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Susan Windley-Daoust

susan windley daoust

Interview with Susan Windley-Daoust, author of Theology of the Body, Extended: The Spiritual Signs of Birth, Impairment, and Dying

Susan Windley-Daoust received a 2011 Sabbatical Grant for Researchers award for her project The Theology of the Body, Extended: The Spiritual Signs of Childbirth, Disability, and Death. Susan shares with us about her book Theology of the Body, Extended: The Spiritual Signs of Birth, Impairment, and Dying (Lectio Publishing, 2014).

LI: Tell us about yourself and your current work.

SWD: I am an associate professor of theology at Saint Mary’s University of Minnesota, a Catholic liberal arts school. My doctoral work was in systematic theology; I am also a trained spiritual director and an active layperson in the Catholic Church. I am married, a mother to five children, and generally very busy. Right now I’m completing a popular text called Giving and Receiving Birth: A Spiritual Theology of Childbirth. Soon I hope to write a book on spiritual direction and the theology of the body.

LI: What core question/concern guided your research project?

SWD: If the human body was created to serve as a sign that points to God, then every primordial human experience witnesses to that. How does childbirth, impairment, and the process of dying point the human being to God? How can we perceive that? What prevents us from perceiving that?

LI: What would you like us to know about your book Theology of the Body, Extended: The Spiritual Signs of Birth, Impairment, and Dying?

SWD: In Catholic circles, the theology of the body is a bit of a phenomenon. Standing on the shoulders of others, Pope (and now Saint) John Paul II crafted and introduced a theology that speaks to the “language of the body.” The popularity of this perspective skyrocketed within ecclesial circles. As George Weigel said, the theology of the body is “one of the boldest reconfigurations of Catholic theology in centuries….a theological time bomb set to go off with dramatic consequences, sometime in the third millennium of the Church.” Indeed, this school of thought has become deeply polarizing: many enthusiasts either claim it has changed their lives or dismiss it as irrelevant idealism. I began reading theology of the body literature with skepticism, but was impressed by its integrated vision of the theology of creation and redemption, as well as its organic critique of modern sexuality.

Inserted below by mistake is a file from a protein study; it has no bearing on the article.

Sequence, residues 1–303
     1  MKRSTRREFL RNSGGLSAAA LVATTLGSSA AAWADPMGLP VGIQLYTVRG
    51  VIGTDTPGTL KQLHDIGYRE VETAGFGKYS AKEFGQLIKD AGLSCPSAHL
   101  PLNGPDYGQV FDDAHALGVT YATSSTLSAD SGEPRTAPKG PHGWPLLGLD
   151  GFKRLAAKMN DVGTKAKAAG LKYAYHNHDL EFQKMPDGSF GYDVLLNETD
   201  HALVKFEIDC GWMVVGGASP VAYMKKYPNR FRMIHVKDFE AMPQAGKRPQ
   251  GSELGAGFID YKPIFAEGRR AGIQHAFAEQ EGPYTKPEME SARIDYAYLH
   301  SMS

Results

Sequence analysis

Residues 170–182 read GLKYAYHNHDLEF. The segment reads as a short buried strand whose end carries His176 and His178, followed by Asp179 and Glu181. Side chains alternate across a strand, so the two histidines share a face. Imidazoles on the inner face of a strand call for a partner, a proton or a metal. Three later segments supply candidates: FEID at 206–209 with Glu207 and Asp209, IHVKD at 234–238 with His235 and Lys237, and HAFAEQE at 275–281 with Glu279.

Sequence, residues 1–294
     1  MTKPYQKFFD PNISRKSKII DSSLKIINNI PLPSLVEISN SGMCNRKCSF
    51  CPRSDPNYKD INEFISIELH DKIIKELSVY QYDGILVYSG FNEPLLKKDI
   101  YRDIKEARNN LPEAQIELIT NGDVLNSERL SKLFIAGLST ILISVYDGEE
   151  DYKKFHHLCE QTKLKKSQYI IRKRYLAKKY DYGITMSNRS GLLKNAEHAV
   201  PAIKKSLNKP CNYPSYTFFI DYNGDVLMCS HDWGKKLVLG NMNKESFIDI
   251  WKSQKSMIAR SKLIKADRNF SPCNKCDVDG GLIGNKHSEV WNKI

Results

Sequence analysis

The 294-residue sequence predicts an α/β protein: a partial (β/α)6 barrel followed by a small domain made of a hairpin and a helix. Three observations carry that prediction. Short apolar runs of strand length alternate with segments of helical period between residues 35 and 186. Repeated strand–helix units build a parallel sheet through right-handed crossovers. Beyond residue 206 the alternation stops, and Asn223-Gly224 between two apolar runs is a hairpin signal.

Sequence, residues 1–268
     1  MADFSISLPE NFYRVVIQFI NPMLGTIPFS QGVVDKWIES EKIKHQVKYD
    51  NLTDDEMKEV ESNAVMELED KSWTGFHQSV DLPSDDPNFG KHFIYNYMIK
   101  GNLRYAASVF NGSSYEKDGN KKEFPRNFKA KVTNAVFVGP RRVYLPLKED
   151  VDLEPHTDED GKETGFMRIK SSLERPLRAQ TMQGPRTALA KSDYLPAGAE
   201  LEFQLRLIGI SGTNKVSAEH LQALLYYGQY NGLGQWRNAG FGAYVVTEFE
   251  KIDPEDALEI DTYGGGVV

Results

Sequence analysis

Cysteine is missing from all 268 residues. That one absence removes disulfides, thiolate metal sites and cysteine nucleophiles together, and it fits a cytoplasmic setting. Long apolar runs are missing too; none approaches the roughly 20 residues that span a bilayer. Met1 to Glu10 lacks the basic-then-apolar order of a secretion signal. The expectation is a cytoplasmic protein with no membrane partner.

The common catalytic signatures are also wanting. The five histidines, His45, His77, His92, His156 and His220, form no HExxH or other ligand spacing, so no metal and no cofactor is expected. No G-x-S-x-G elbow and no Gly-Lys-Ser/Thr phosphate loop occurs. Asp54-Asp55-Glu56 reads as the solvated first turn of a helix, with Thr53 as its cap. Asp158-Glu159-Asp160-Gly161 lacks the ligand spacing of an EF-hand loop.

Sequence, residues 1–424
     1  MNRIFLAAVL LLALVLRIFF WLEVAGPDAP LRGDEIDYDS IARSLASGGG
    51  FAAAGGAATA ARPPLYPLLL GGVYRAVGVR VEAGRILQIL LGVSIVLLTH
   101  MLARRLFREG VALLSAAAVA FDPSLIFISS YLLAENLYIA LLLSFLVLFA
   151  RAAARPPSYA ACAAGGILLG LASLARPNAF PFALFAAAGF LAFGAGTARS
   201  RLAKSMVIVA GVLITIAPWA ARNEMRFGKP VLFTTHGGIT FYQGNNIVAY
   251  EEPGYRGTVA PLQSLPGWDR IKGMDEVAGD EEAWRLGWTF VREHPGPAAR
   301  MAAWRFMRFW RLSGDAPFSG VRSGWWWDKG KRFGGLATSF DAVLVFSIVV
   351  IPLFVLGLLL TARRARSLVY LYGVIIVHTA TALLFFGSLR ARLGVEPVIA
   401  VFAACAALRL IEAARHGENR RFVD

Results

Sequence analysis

Many of the “popularizers” of theology of the body—and they are needed, because the original texts are extremely dense unless the reader has advanced training in philosophy and theology—have focused on its application to sexuality and marriage. This is certainly appropriate given that John Paul II focused half of his work in these texts on that topic. But the other half is important as well: what does it mean to be human, an ensouled body? What does it mean to understand our incarnation as a pre-given language of self-giving and fruitfulness? Would the polarization be diminished if we paid more attention to theological anthropology? My book addresses what it would mean to perceive the body as a sign that points to God: in the process of giving birth, in living with an impairment, and in the process of dying. Essentially, there is a phenomenology of those primal experiences of embodiment in dialogue with the theology of the body’s particular insights on creation and redemption.

I think the work is important because this is a theology that touches people where they live. Parents often say that giving birth is one of the deepest spiritual experiences of their lives. People often cry out “Why?” when faced with an unexpected impairment—or begin to rethink how we are all impaired, limited, in ways when we stand coram Deo (in the presence of God). The prophetic work of hospice shows that dying can be, and often is, a deeply spiritual experience for those dying and those accompanying them. It connects the growing art of spiritual direction with the classical work of theological reflection in ways that help us understand what it means to be human. And as I tell my students, how you answer the question of what it means to be human determines how you will answer every other question in life—every single one. I’m grateful to have had a chance to contribute to that ageless enterprise.